The World Health Organization has announced a $9.7 million grant from the Bill & Melinda Gates Foundation in support of its efforts to increase the number of child-size medicines designed and formulated specifically for children.
Working with UNICEF, WHO will use the grant to determine optimum dosage forms for pediatric medicines; develop dosing guides; and create guidelines for the testing, treatment, and use of medicines in children, including guidelines related to the conduct of clinical trials involving children. The research will build on the WHO-led Make Medicines Child Size initiative, which was launched in 2007 to help improve access to better medicines for children.
More than 50 percent of medicines currently prescribed for children either have not been developed specifically for children or have not been proven to be effective and safe for their use. As a result, many children lack access to essential treatments because no suitable pediatric dosage or formulation of the necessary medicine exists, while those that do exist are not available or are too expensive.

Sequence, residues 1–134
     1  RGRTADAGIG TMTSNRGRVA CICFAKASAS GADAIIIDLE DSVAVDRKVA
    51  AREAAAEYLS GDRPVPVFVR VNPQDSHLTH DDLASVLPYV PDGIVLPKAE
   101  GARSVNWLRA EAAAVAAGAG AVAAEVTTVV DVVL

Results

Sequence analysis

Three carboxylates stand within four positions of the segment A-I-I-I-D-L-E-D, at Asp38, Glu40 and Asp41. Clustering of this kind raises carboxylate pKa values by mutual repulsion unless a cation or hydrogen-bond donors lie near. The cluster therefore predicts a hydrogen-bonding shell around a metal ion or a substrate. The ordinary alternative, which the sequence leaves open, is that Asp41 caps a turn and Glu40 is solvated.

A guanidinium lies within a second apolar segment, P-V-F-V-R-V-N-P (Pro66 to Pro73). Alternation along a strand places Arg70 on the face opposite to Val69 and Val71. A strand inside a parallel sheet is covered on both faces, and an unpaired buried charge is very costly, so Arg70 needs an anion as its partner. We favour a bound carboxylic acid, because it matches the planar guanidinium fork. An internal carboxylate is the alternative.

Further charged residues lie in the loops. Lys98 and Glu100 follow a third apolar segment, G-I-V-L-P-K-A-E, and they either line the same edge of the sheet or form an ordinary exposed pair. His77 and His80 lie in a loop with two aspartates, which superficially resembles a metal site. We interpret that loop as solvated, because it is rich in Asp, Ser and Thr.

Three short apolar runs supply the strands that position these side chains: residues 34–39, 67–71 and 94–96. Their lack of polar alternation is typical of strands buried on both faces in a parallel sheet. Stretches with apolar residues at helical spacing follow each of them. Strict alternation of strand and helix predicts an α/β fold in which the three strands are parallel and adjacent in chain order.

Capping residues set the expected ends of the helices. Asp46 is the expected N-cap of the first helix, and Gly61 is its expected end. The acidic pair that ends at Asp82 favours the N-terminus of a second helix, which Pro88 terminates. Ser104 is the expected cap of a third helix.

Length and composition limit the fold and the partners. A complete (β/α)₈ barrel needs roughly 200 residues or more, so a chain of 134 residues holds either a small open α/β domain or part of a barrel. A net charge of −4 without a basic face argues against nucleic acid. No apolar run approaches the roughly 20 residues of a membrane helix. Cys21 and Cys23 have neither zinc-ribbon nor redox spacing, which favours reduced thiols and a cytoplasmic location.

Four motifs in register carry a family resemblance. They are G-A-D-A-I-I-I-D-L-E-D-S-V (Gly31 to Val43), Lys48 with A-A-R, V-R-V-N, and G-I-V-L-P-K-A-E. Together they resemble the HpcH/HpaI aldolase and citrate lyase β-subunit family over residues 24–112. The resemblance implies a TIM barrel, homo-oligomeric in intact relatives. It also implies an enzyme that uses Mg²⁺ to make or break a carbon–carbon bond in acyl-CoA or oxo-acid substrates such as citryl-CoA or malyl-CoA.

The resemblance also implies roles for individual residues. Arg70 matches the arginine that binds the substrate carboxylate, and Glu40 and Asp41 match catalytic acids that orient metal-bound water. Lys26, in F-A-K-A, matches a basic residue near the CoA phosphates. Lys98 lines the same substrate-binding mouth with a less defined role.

"We must take the guess work out of medicines for children," said WHO assistant director-general Carissa Etienne. "Children are suffering and dying from diseases we can treat, and yet we lack the critical evidence needed to deliver appropriate, effective, affordable medicines that might save them."